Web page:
Careers - Nick Gill
I completed a four year honours degree in 1998. My honours thesis was in the area of finite geometry, part of algebra, which in turn is part of pure mathematics. I also studied applied mathematics as a second major for my degree.
My studies were greatly enjoyable, primarily as an exposure to some very beautiful ideas and theories. It was my love for the 'beautiful' side of mathematics that led me to focus on pure maths, although I suppose beauty is in the eye of the beholder and many parts of applied maths are beautiful also. I have never studied with a view to a career as I have never known what I have wanted to end up doing - But I have never regretted my decision to study what I love.
After finishing in Nov 1998, I spent six months in Perth working part time in the maths department and spending the rest of my time doing the student activism that I never had enough time for when studying!
At the end of this time I had had enough of Perth and wanted to see some more of Australia. So I spent twelve months living in an aboriginal community on the edge of the Gibson desert, working as a station hand. This involved building fences, mustering and shearing sheep as well as participating in traditional activities like goanna hunting. A welcome and necessary change from studies! At the end of the twelve months, I got a job with the Institute for Child Health Research (ICHR) which involved travelling around various aboriginal communities in Western Australia interviewing people about their children's health. There wasn't much maths involved in this but I really enjoyed it as it fed my need to engage in issues of social justice and gave me an opportunity to contribute in a small way to meeting the needs of aboriginal people who had given me so much. I did this for about nine months.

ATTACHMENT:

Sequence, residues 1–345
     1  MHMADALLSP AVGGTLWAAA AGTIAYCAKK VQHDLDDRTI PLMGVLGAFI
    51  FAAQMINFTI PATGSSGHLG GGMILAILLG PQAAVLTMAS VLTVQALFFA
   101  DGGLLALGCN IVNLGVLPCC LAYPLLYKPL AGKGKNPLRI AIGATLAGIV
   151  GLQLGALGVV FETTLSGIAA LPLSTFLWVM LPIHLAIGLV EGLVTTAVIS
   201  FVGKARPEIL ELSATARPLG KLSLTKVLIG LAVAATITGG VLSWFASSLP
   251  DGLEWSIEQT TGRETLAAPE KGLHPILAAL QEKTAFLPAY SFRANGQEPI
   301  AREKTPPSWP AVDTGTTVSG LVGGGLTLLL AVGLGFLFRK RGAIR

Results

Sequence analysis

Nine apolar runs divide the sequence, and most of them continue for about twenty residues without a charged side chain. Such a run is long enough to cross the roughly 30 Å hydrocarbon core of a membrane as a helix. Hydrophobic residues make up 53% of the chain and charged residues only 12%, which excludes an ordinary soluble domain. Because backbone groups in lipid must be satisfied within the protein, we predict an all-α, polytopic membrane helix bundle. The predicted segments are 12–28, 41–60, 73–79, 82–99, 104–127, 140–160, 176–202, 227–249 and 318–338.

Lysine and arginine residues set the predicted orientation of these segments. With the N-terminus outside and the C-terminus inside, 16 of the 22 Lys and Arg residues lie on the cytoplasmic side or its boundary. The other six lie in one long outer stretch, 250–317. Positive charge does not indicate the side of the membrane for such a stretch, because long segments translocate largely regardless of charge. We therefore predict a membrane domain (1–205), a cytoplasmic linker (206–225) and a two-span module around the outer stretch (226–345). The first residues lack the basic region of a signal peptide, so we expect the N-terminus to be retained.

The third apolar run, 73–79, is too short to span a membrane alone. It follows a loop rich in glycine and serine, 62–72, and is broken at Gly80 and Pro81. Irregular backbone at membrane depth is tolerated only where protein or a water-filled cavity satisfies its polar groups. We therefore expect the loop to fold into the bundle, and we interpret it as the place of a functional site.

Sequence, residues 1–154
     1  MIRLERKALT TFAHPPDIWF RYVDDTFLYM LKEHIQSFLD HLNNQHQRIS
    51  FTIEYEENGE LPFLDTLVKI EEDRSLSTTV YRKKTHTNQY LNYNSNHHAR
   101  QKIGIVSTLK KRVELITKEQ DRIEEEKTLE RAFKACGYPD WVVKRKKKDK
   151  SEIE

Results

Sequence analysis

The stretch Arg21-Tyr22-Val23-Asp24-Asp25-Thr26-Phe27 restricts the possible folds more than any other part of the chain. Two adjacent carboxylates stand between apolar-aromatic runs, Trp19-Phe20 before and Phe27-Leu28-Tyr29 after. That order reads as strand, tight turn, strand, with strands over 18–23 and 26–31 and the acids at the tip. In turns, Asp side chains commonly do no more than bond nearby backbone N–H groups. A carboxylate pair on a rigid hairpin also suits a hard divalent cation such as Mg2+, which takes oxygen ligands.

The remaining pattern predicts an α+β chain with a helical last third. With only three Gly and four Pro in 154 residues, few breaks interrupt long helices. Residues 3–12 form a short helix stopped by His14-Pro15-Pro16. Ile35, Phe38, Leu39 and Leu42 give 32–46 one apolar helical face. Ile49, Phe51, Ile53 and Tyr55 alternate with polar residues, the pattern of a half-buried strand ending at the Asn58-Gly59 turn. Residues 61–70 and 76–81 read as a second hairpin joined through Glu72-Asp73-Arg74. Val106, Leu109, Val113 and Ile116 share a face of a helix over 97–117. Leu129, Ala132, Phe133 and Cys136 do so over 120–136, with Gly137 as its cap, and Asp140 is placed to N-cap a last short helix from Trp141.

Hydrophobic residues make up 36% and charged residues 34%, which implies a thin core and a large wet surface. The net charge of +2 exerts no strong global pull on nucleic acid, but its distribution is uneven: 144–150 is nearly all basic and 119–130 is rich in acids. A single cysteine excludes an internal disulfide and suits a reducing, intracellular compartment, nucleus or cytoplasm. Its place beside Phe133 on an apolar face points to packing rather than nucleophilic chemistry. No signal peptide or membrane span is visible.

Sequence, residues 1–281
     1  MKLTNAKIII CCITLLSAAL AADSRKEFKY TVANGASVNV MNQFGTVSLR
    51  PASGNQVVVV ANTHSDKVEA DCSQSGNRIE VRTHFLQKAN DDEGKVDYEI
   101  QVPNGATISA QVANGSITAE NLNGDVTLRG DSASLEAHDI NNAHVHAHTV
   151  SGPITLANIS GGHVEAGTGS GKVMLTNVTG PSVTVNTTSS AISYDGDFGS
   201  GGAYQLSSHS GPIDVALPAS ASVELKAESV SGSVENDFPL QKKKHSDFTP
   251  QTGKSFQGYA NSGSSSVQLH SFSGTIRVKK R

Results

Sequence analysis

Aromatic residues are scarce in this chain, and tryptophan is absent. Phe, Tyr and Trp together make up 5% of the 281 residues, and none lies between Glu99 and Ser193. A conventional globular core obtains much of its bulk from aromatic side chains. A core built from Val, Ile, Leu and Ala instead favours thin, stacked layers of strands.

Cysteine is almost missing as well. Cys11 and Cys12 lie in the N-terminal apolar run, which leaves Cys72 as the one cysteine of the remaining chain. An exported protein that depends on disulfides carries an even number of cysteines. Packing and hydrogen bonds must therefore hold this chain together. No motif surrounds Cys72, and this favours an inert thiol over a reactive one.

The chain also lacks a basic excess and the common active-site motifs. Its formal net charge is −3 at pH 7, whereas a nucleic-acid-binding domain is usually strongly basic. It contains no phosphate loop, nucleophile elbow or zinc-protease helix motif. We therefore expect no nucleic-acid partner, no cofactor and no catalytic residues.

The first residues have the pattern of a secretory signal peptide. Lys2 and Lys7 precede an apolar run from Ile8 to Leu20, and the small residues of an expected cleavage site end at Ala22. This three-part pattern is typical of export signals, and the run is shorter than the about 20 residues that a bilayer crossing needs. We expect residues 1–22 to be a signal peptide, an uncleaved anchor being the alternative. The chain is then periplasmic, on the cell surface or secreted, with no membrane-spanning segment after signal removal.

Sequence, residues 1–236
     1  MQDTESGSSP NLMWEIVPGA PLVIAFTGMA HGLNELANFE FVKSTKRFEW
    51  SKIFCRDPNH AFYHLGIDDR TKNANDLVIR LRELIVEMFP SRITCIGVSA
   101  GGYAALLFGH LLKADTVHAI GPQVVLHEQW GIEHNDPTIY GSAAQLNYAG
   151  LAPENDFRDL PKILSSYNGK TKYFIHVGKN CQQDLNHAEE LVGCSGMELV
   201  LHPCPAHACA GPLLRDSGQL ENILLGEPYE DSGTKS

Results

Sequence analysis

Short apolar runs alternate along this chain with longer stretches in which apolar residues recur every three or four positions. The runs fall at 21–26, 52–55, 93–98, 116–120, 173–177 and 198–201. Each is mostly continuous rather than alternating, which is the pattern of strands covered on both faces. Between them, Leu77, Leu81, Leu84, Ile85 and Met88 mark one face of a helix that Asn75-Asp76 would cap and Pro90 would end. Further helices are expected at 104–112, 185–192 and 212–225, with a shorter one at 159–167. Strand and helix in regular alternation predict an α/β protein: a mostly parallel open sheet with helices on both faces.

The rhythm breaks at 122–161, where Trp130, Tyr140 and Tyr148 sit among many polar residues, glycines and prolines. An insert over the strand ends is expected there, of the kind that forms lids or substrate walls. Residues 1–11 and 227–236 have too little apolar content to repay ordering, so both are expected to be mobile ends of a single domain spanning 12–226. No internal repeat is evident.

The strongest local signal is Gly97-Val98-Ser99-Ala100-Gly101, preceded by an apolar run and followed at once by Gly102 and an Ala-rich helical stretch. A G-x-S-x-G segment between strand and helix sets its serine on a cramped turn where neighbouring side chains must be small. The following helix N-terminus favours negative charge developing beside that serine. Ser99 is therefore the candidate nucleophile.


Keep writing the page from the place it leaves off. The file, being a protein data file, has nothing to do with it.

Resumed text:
During this time I also sent off applications for further mathematics study. I ended up being accepted into Cambridge university to do a PhD. This is what I am doing now (I started yesterday, 1 October 2001)! In the six months I had to spare between finishing with the ICHR and starting at Cambridge, I worked in a community for street homeless people in London, the Simon Community. This involved full-time live-in volunteer work with people either currently living on the streets or formerly living on the streets. This was very rewarding, if difficult, work from which I learnt a great deal.
Since leaving university I have taken the view that my academic career has the capacity to feed certain parts of my human person but not all parts. This is why I have sought to do lots of different things outside of mathematics - to build my social skills in different environments and to challenge myself in ways that mathematics cannot. However I have returned now to mathematics because I find studying maths very rewarding and because it challenges me intellectually more than anything else I have ever done. Whether I will finish the PhD or not, I don't know, but the experiment, I'm sure, will be worth it.